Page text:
Leaders and Protesters Alike Converge on UN Summit

Debate begins this week among world leaders at the United Nations General Assembly. And many arguments will overflow into the streets of New York. Foreign dignitaries will address audiences across the city, and New Yorkers will come out to make their own voices heard as well. WNYC’s Marianne McCune reports.

REPORTER: This year, no New York institution outside the UN has invited Iranian President Mahmoud Ahmedinejad to speak. His appearance last year at Columbia University riled New Yorkers for weeks. Still, there are plenty of protests planned. An anti-Iran rally scheduled for later today was advertised in the New York Times, and on Wednesday, doctors and medical students in white coats plan a vigil for two AIDS doctors who’ve been detained in Iran.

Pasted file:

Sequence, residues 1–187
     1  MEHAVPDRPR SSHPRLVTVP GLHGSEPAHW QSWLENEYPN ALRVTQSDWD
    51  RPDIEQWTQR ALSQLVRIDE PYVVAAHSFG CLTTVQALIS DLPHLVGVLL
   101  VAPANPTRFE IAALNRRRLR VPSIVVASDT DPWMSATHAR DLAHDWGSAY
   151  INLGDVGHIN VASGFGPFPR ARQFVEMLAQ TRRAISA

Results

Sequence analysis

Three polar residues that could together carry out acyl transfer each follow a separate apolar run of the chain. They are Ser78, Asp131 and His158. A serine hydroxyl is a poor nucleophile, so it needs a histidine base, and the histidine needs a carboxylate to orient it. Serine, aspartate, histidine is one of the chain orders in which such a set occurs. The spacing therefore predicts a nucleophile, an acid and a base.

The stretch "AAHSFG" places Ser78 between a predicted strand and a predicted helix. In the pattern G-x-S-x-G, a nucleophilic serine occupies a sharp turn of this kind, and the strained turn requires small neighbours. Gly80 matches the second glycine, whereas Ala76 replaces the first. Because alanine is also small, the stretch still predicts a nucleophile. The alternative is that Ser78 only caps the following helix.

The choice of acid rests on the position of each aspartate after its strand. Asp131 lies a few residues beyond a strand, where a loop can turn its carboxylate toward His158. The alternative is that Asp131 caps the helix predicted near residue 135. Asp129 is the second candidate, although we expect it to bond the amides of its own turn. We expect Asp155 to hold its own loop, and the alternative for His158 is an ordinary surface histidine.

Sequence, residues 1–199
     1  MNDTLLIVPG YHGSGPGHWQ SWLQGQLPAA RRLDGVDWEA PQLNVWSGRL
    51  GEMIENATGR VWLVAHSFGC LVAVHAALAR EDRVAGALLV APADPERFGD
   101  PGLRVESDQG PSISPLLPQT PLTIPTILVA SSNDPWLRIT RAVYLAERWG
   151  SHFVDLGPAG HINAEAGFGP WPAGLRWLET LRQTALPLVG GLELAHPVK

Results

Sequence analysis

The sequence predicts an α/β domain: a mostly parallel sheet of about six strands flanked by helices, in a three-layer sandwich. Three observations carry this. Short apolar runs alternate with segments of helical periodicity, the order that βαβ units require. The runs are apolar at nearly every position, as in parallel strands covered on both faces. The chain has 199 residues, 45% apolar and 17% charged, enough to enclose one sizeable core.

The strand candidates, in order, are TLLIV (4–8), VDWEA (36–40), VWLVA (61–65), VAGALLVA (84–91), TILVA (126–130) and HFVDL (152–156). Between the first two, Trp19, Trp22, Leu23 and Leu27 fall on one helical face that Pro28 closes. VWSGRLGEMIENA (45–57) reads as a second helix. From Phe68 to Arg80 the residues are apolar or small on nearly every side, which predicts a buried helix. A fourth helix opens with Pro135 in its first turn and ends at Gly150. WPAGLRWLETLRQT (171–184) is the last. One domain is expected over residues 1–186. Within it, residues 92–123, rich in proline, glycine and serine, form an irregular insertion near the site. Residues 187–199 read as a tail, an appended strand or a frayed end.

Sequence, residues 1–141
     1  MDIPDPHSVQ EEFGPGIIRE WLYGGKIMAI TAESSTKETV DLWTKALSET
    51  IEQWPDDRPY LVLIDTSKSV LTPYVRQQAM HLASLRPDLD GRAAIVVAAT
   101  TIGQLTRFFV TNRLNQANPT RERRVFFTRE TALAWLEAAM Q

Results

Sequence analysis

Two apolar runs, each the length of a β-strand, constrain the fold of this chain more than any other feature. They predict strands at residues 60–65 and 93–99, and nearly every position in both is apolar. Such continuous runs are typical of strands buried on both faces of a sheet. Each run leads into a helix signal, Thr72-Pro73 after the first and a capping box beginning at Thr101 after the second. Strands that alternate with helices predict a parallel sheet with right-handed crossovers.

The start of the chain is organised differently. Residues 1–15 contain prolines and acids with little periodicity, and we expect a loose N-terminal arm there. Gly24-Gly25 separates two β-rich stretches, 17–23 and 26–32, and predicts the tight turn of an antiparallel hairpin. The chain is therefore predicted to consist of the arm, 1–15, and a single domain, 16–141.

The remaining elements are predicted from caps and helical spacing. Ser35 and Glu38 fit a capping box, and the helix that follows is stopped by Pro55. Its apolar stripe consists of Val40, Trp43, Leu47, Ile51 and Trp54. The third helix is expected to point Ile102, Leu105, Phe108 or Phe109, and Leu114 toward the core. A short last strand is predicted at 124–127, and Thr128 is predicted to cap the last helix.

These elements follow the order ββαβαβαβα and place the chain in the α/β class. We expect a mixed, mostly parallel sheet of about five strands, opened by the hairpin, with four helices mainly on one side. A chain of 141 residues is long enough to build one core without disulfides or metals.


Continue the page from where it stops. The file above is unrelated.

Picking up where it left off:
The presidents of Bolivia, Argentina, Venezuela, and Colombia have each been invited to speak at universities and other venues – but several have canceled their visits because of arguments between Bolivia and the United States. Only President Alvaro Uribe of Colombia – a favorite of the Bush administration – is sure to be present. He has speaking engagements all over town and will join a long list of leaders at the Clinton Global Initiative beginning Wednesday. The vice president of Cuba is scheduled to speak in Harlem tonight. For WNYC, I’m Marianne McCune.